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    Chinook - for India ????????

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    HAL, Snecma finalise joint venture

    Harichandan A A / Bangalore February 09, 2005



    Hindustan Aeronautics Limited (HAL) and French aerospace group Snecma, which already have several joint programmes going, are set to take their relationship a step forward.

    From being mostly a buyer, HAL can move closer to becoming a partner in business with Turbomeca, a Snecma group company, as an agreement to form a joint venture between the two is “more or less finalised,” sources said.

    The new venture can result in international business and exposure for the Indian public sector aircraft maker as the co-developer of the Ardiden helicopter engine.

    When Turbomeca announced the Ardiden engine in 2001, it also said HAL’s advanced light helicopter (ALH) would be the first helicopter to fly with the more powerful, 1,200 shp engine. HAL calls the engine Shakti and will manufacture it for the Indian market.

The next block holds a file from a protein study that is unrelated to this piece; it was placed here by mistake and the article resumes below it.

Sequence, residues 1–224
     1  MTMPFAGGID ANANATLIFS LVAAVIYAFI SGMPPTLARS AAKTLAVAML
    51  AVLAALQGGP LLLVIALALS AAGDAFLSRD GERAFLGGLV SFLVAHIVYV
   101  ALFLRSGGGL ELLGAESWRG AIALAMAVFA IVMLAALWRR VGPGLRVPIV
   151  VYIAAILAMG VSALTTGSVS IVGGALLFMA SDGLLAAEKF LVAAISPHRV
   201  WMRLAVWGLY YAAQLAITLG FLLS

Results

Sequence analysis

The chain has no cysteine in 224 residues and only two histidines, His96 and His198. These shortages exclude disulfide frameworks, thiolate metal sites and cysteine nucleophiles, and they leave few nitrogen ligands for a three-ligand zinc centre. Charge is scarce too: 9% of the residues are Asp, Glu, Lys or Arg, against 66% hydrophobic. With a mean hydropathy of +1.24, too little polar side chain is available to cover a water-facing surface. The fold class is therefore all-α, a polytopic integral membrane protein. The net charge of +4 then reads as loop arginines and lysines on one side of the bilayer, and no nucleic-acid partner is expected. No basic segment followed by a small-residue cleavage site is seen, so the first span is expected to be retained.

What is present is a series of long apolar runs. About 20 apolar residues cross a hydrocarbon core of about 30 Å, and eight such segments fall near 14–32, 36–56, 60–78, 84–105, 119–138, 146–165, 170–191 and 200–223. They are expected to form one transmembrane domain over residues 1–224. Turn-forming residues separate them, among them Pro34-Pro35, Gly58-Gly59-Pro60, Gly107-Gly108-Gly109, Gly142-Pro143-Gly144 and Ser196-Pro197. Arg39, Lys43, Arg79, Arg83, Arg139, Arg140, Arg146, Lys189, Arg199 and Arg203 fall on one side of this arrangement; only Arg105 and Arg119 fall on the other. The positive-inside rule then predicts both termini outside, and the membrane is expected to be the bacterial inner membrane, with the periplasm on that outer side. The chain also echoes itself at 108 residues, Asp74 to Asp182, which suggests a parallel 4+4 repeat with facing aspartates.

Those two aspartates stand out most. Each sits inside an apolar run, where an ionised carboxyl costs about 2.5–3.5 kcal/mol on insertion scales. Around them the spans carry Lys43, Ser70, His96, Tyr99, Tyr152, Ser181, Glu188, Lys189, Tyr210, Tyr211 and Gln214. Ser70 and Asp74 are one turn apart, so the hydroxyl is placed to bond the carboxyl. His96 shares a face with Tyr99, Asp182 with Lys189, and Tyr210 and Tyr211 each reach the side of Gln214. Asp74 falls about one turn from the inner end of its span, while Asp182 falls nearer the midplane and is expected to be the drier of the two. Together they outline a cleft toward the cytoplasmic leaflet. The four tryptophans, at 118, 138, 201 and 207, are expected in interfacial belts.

“What the JV will do is give us the technology, the product and the international access that Snecma has. HAL could start with making some of the modules of Ardiden for other markets too, via the joint venture and in the process, we hope to make better profits,” the sources said.

    After extended talks on business plans for the new company and on “who will hold how much stake” the two companies had come to an agreement. Sources said the JV would be a 50:50 partnership, but declined to comment on the investments in the new company.

    Work on customising the Ardiden to HAL’s ALH requirements has been on both at HAL’s helicopter division and in Bordes, Snecma’s headquarters. Snecma’s website says the Ardiden is planned for certification this year. Sources said, the Shakti would “hit the test bed by September 2006”.

    The Ardiden is built for five-six tonne helicopters flying in “hot and high” conditions. While it will initially power the Indian ALH, it is also said to be a candidate for Eurocopter’s Dauphin, and Agusta’s newer versions of the AB139.